"Garden of Eden" in Iraq to Become National Park
by Fred Pearce
THE “Garden of Eden” has been saved, even as chaos grows all around. Last week, amid a wave of bombings on the streets of Baghdad, Iraq’s Council of Ministers found time to approve the creation of the country’s first national park – the centrepiece of a remarkable restoration of the Mesopotamian marshes in the south of the country.
This vast wetland of reed beds and waterways, home of the Ma’dan Marsh Arabs, is widely held to be the home of the Biblical story of the Garden of Eden, the paradise where Adam and Eve were created and from which they were subsequently expelled.
After the Gulf war in 1991, Iraq’s president, Saddam Hussain, used dykes, sluices and diversions to cut off the country’s two major rivers, the Tigris and Euphrates. This drained 93 per cent of the marshes, largely obliterating the largest wetland ecosystem in the Middle East.
The purpose was to expel the rebellious Ma’dan, but in the end, it sped Saddam’s downfall in 2003. Invading US tanks were able to drive north over the desert he had created and enter Baghdad far more easily. The Ma’dan later returned and broke the dykes. Water returned to some areas, as did the reed beds that sustained the birdlife and water buffalo…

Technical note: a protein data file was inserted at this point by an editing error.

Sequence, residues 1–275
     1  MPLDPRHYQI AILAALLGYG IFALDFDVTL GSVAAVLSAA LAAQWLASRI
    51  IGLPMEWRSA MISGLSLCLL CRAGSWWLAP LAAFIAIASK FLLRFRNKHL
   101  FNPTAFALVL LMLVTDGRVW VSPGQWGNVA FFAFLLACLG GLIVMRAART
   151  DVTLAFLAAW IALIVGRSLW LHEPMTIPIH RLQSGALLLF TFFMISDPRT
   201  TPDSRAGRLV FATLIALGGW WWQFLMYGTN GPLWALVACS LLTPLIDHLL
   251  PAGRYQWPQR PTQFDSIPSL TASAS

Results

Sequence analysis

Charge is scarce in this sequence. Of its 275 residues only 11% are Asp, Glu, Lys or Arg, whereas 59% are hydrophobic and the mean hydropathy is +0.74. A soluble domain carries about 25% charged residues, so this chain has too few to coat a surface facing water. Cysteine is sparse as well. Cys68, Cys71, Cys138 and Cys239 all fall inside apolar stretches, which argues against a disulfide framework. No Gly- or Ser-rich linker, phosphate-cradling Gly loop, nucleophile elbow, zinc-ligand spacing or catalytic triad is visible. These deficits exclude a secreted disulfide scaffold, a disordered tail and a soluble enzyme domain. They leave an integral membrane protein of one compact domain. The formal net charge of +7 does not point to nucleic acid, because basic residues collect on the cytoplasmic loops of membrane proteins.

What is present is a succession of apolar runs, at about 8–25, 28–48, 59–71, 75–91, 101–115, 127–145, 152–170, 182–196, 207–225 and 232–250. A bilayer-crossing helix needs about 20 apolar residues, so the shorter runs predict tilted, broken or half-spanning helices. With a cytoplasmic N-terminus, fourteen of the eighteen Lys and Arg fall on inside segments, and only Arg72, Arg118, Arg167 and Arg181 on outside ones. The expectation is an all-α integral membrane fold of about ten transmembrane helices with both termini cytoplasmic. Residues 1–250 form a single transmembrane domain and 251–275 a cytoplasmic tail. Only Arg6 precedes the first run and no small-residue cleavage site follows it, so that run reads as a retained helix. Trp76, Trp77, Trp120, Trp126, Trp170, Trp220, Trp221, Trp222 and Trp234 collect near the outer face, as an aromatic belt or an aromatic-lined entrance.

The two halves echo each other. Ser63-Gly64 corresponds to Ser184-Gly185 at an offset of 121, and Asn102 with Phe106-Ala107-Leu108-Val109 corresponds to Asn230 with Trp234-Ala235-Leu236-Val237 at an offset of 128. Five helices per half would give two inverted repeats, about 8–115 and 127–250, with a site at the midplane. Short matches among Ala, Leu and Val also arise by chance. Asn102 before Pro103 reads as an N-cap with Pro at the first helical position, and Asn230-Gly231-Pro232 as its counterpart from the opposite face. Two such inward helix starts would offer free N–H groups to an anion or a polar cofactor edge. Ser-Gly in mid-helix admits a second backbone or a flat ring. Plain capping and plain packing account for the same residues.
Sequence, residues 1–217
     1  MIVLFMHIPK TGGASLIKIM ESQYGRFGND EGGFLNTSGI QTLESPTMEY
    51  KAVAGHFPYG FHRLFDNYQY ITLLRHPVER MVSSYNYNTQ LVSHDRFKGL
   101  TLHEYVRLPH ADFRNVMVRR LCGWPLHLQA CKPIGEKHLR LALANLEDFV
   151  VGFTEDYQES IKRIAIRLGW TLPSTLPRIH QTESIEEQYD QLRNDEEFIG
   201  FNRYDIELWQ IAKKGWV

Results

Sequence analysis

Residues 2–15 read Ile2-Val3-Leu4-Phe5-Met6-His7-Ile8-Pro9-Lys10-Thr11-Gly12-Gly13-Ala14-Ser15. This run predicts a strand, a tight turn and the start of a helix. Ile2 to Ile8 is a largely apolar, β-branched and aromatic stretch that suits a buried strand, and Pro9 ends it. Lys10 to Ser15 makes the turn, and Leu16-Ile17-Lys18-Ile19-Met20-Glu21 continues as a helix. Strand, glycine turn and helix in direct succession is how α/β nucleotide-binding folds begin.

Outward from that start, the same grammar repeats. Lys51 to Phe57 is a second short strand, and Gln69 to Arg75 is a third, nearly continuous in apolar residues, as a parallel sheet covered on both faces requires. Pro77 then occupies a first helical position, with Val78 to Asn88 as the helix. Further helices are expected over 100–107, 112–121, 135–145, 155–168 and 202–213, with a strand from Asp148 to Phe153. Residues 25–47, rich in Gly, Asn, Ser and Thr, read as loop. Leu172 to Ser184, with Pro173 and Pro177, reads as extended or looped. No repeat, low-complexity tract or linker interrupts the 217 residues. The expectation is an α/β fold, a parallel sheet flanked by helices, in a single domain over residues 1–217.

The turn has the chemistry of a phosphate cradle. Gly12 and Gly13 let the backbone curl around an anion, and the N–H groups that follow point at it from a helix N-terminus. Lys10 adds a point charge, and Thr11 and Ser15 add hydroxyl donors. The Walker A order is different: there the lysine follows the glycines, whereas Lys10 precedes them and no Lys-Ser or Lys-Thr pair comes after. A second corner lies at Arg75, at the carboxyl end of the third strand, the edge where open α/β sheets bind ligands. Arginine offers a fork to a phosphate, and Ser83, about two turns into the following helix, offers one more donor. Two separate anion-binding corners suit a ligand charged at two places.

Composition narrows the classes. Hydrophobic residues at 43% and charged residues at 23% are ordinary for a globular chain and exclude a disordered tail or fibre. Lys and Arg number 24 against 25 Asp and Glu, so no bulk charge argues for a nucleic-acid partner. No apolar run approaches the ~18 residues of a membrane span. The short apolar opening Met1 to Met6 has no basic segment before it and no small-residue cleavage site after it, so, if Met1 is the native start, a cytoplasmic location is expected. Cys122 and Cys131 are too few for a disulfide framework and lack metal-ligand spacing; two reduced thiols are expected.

(read more: New Scientist)
photo by Mudharaf Salim/Nature Iraq

"Garden of Eden" in Iraq to Become National Park

by Fred Pearce

THE “Garden of Eden” has been saved, even as chaos grows all around. Last week, amid a wave of bombings on the streets of Baghdad, Iraq’s Council of Ministers found time to approve the creation of the country’s first national park – the centrepiece of a remarkable restoration of the Mesopotamian marshes in the south of the country.

This vast wetland of reed beds and waterways, home of the Ma’dan Marsh Arabs, is widely held to be the home of the Biblical story of the Garden of Eden, the paradise where Adam and Eve were created and from which they were subsequently expelled.

After the Gulf war in 1991, Iraq’s president, Saddam Hussain, used dykes, sluices and diversions to cut off the country’s two major rivers, the Tigris and Euphrates. This drained 93 per cent of the marshes, largely obliterating the largest wetland ecosystem in the Middle East.

The purpose was to expel the rebellious Ma’dan, but in the end, it sped Saddam’s downfall in 2003. Invading US tanks were able to drive north over the desert he had created and enter Baghdad far more easily. The Ma’dan later returned and broke the dykes. Water returned to some areas, as did the reed beds that sustained the birdlife and water buffalo…

(read more: New Scientist)

photo by Mudharaf Salim/Nature Iraq

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